ROME -- There has been speculation that the recently retired Ivan Ljubicic will get involved in running tennis once again now that he's no longer playing. The well-liked, thoughtful Croat was the president of the ATP Player Council, preceding Roger Federer, and was even on the tour's board of directors for a little while.
If he needed any reminding about what a minefield the issues can be, he got it this weekend after posting a tweet about American absences during this part of the season, with neither Andy Roddick nor Mardy Fish participating in the recent clay Masters events in Madrid and Rome.
"Wonder how our tour would look if European players were skipping American tourneys the way Americans are skipping European Tournaments," Ljubicic wrote.
The backlash was swift. "I was the first one to bring it to light; I just want to say," a grinning John Isner noted during an interview with ESPN.com at the International BNL d'Italia in Rome this week. "I saw it first; I wrote something back first."
"Pretty sure Mardy Fish is sick," Isner replied.
Fish has not played since the Sony Open in Miami after being diagnosed with an undisclosed illness, which he told the Associated Press he was not "comfortable talking about" but was a "scare." His reply to Ljubicic appears in retweets but not on his account, suggesting he may have thought better of it afterward. "Some of us aren't skipping tournaments bc we want to do ur homework before u make dumb generalized comments," was Fish's apparent response.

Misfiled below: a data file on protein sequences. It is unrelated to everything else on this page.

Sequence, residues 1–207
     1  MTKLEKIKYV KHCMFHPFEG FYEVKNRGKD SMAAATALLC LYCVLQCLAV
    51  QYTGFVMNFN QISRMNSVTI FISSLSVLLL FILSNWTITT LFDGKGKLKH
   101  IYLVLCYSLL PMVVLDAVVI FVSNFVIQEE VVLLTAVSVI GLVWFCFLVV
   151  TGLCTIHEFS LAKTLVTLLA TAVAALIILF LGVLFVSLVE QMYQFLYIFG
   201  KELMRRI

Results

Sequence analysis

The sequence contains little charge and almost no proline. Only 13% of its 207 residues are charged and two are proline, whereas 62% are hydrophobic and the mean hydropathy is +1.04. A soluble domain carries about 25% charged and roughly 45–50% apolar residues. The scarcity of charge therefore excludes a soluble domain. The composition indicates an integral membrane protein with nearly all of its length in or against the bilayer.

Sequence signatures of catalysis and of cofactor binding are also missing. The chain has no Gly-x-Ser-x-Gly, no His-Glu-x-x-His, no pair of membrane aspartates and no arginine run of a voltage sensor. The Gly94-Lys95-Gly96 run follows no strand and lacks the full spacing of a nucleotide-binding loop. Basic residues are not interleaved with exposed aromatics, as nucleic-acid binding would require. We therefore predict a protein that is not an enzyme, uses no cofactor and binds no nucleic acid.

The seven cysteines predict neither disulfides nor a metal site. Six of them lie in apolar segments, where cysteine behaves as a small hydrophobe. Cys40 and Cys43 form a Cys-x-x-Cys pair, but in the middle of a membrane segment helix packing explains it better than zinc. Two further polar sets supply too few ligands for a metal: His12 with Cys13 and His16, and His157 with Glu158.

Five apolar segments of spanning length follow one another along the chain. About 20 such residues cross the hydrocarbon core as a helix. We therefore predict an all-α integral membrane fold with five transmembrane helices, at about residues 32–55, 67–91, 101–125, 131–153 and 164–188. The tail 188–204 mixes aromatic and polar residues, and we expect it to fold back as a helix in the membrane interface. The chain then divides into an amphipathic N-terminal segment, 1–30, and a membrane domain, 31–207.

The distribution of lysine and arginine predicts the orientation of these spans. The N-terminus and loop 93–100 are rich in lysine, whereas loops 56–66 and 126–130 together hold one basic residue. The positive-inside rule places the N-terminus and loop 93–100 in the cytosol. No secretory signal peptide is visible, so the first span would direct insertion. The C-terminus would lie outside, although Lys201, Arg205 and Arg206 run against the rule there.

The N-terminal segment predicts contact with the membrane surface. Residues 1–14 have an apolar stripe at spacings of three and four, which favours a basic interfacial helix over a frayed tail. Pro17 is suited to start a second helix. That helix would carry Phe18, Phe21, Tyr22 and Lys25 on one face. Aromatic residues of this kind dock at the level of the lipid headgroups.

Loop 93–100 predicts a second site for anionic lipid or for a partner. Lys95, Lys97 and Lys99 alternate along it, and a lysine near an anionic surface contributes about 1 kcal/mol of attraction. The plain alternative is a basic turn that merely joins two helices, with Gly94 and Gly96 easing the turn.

Roddick wasn't happy either: "I know for a fact that @mardyfish is going through some serious physical issues right now. Irresponsible tweet by @ivanljubicic1. also I definitely always respect the choices of ATP tour veterans because I know all of us do what's in the best interest of our health and our careers. I expect the same in return "
One of the Americans who was grinding it out in Europe also wanted his voice heard: "Isner, Young, Querrey, Raonic, Pospisil, Harrison. All here in Rome. Let's do a little research before making comments," wrote Ryan Harrison, including Canadians Milos Raonic and Vasek Pospisil in the count.
Those who didn't see the controversy online soon heard about it. Sam Querrey, who left Twitter a while ago, heard about it from doubles partner Isner. "It's a little unfair for Ljubicic to say he's comparing all of Europe to America. It's a little bit like saying there's no Croatians playing in America, or no Spanish playing in America," said Querrey, who was interviewed alongside Isner after their first-round doubles match.
Donald Young, also no longer on Twitter, weighed in, too: "I guess a lot of them are here, actually, besides two, and one is injured," he told ESPN.com. "But I don't want to get into any Twitter incidents at all right now, so I'm going stay out of it," he added with a laugh, referring to his expletive-laced tweet last year when he complained about not getting a wild card into the French Open.